Otto Gray and his Oklahoma Cowboys were the first nationally popular cowboy band. Formed in 1924 by William McGinty, Oklahoma pioneer and former Rough Rider, the band performed on radio and national vaudeville circuits from 1924 through 1936. Otto Gray, the first "Singing Cowboy", and all of the band members were recruited from Oklahoma ranches.[3]

Western Swing

Oklahoma was a center for the development and spread of Western swing. Performers playing the traditional western music, influenced heavily by the territory bands, added fiddles and steel guitars to the their orchestras to produce a new and very popular type of music. Bob Wills, and His Texas Playboys, based in Tulsa, influenced this music for more than a generation. One of the more distinctive early Western swing bands from Oklahoma was Big Chief Henry's Indian String Band, a family group of Choctaw Indians, who performed out of Wichita, Kansas, during the 1920s, and who were recorded by H. C. Speir of Victor Records in 1929.

Venues

Historic Venues include Cain's Ballroom, The Arbuckle Ballroom, the Tumbleweed, and JC Cowboys

Live performances

Paul had a little string band and sometimes I would chord with them over at George's Pig Stand near Maud. These were 'outside performances' and most of the people sat in their cars to listen to the music. A lot of horn-honking showed approval for a particular rendition of a song. Sometimes couples would dance on the little concrete slab at the side of the building.

Mildred Dennis, Maud, Oklahoma, 1943[4]

Music in Oklahoma has been played, sung, and heard in the Indian villages of the earliest Americans; around the campfires of the cowboys and traders; in the churches, theaters, and dancehalls of the territorial days; and in concert halls and at music festivals, pow-wows National Guard armories, and school gymnasiums of the present day.

Recently, Americana Unplugged established a house concert-type venue in downtown Davis, Oklahoma featuring folk and Americana musicians.

Radio

In 1922, WKY began broadcasting in Oklahoma City. Other stations followed and soon, anyone with a radio could hear music previously unavailable to them. Still, many radios broadcast local music. KVOO in Tulsa aired Western swing from Bob Wills for more than twenty years.

In 1958, KOMA, a 50,000 watt radio station in Oklahoma City, began a format of playing Top 40 recordings and Rock & Roll. Its signal strength allowed many young people across the Great Plains and Western states to listen to music not available from their local stations and influenced many of their local music markets.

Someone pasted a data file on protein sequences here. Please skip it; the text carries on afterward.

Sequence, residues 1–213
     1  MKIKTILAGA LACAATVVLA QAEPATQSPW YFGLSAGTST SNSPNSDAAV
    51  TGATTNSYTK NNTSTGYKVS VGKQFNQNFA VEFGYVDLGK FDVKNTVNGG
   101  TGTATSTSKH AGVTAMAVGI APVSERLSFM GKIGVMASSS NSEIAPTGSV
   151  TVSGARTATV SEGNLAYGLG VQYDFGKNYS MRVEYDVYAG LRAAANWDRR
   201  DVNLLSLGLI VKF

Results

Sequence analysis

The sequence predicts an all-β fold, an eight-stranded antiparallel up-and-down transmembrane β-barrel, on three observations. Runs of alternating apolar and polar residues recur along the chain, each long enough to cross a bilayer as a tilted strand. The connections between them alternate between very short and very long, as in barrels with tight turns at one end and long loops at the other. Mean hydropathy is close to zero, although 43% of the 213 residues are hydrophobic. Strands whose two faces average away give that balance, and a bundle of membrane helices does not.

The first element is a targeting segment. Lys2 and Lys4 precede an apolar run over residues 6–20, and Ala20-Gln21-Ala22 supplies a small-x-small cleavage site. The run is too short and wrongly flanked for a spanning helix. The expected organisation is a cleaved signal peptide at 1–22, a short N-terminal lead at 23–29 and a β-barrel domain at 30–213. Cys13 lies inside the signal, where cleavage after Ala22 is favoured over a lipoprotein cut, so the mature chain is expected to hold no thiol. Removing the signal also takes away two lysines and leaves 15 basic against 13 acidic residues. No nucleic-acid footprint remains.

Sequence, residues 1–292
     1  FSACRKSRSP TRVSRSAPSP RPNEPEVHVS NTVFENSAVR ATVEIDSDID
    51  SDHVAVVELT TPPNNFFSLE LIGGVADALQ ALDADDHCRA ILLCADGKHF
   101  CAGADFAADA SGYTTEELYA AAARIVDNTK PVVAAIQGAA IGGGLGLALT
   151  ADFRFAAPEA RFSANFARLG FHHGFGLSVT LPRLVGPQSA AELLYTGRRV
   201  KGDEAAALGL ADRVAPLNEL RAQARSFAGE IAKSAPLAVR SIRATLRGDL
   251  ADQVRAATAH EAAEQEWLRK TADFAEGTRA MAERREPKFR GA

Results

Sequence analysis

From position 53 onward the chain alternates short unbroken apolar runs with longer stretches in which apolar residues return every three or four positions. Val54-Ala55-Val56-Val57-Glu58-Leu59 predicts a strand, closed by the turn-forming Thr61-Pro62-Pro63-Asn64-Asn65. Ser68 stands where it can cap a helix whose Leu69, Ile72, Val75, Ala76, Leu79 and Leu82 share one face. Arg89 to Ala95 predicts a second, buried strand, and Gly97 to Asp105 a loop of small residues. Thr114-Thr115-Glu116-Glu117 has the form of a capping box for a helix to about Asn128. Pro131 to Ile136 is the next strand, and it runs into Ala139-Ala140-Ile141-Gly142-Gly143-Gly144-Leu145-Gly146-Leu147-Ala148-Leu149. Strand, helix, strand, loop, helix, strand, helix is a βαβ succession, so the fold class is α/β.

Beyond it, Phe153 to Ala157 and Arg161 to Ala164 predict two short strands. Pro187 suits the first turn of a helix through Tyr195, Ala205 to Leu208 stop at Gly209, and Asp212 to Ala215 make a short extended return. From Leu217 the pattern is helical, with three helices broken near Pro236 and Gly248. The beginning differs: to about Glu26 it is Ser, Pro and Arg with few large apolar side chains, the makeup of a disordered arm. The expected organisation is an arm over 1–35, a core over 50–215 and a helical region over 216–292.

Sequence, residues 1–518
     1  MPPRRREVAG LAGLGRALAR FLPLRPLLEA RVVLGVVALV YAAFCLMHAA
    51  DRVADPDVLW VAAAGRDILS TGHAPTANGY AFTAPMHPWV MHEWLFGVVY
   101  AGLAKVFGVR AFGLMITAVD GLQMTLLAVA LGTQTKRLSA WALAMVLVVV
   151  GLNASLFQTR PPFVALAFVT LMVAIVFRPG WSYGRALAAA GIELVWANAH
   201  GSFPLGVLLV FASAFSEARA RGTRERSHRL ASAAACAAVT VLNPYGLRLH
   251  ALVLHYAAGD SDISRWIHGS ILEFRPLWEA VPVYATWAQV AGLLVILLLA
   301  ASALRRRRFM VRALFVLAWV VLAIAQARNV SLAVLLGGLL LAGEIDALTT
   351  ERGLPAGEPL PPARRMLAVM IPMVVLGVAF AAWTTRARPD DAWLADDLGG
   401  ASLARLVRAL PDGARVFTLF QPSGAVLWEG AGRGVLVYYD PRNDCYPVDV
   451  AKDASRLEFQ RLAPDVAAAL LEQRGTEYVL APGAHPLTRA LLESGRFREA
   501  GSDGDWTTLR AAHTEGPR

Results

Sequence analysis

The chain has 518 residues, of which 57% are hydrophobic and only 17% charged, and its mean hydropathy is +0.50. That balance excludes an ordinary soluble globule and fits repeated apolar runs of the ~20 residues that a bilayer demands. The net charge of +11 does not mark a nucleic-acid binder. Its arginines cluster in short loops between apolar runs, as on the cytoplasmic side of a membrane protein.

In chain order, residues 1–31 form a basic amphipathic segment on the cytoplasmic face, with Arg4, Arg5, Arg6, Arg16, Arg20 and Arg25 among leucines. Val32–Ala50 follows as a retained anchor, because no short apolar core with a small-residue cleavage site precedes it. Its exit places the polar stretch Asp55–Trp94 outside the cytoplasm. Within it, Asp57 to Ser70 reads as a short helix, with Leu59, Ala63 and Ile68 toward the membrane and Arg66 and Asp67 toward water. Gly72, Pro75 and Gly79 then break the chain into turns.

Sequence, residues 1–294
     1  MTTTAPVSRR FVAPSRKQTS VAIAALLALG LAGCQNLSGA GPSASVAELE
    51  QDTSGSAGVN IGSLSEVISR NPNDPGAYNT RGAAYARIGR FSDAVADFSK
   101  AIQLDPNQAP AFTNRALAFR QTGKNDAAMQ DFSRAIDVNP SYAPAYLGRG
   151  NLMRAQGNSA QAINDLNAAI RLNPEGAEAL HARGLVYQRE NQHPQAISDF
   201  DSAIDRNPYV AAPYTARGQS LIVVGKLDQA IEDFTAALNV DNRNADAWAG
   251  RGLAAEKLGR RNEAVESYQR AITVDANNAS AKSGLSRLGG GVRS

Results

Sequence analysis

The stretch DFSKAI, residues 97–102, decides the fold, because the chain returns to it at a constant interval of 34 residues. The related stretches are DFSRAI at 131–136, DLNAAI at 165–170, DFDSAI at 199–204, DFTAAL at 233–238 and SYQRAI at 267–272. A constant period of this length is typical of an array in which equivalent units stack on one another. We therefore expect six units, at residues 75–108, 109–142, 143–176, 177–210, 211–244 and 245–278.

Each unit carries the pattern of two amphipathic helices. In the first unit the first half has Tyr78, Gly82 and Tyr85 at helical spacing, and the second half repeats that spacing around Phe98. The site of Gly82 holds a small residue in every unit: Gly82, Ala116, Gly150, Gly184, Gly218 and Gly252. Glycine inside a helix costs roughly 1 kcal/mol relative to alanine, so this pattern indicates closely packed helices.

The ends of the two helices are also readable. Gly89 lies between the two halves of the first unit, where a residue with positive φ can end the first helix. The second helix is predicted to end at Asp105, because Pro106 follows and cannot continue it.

Oklahoma currently supports many radio stations. Most play music that ranges from classical to hip-hop. Much of their content, however, is taped and the same programs broadcast over several stations throughout the U.S. Very little local music is aired. (See List of radio stations in Oklahoma)

List of live venues

Musicians and composers native to Oklahoma

Notable Oklahoma bands

Musicians and bands with Oklahoma ties

References

  1. ^ Velie, American Indian Literature, page 89 Kiowa "49" Songs.
  2. ^ Savage, Singing Cowboys, page 5.
  3. ^ Savage, Singing Cowboys, page 34.
  4. ^ Dennis, It's Gonna Be OK, page 86.
  5. ^ COOLEY, DONNELL CLYDE "SPADE" (1910–1969)

Bibliography

  • Dennis, Mildred. It's Gonna Be OK: A Lease-Child's Legacy. Bloomington, Indiana: AuthorHouse, 2004. ISBN 1-4208-0305-0
  • Moore, Ethel, and Chauncey O. (compilers). Ballads and folk songs of the Southwest: more than 600 titles, melodies, and texts collected in Oklahoma. Norman: University of Oklahoma Press, 1964.
  • Savage, William W., Jr. Singing Cowboys and All That Jazz: A Short History of Popular Music in Oklahoma. Norman: University of Oklahoma Press, 1988. ISBN 0-8061-2085-1
  • Velie, Alan R. American Indian Literature: An Anthology. Norman: University of Oklahoma Press, 1999. ISBN 0-8061-2345-1

External links

  • Oklahoma City Philharmonic
  • Oklahoma Jazz Hall of Fame
  • Oklahoma Blues Hall of Fame
  • Oklahoma Music Hall of Fame and Museum
  • Tulsa Symphony
  • Rodeo Opry
  • Oklahoma City Traditional Music Association
  • Greater Oklahoma Bluegrass Music Society
  • Oklahoma Bluegrass Club
  • Oklahoma International Bluegrass Festival
  • The Woody Guthrie Center, Tulsa
  • Elemar Music, Publisher of "Oklahoma My Native Land"
  • “Oklahoma Blues Roots Run Deep” video
This article was sourced from Creative Commons Attribution-ShareAlike License; additional terms may apply. World Heritage Encyclopedia content is assembled from numerous content providers, Open Access Publishing, and in compliance with The Fair Access to Science and Technology Research Act (FASTR), Wikimedia Foundation, Inc., Public Library of Science, The Encyclopedia of Life, Open Book Publishers (OBP), PubMed, U.S. National Library of Medicine, National Center for Biotechnology Information, U.S. National Library of Medicine, National Institutes of Health (NIH), U.S. Department of Health & Human Services, and USA.gov, which sources content from all federal, state, local, tribal, and territorial government publication portals (.gov, .mil, .edu). Funding for USA.gov and content contributors is made possible from the U.S. Congress, E-Government Act of 2002.
 
Crowd sourced content that is contributed to World Heritage Encyclopedia is peer reviewed and edited by our editorial staff to ensure quality scholarly research articles.
 
By using this site, you agree to the Terms of Use and Privacy Policy. World Heritage Encyclopedia™ is a registered trademark of the World Public Library Association, a non-profit organization.
 


Copyright © World Library Foundation. All rights reserved. eBooks from Project Gutenberg are sponsored by the World Library Foundation,
a 501c(4) Member's Support Non-Profit Organization, and is NOT affiliated with any governmental agency or department.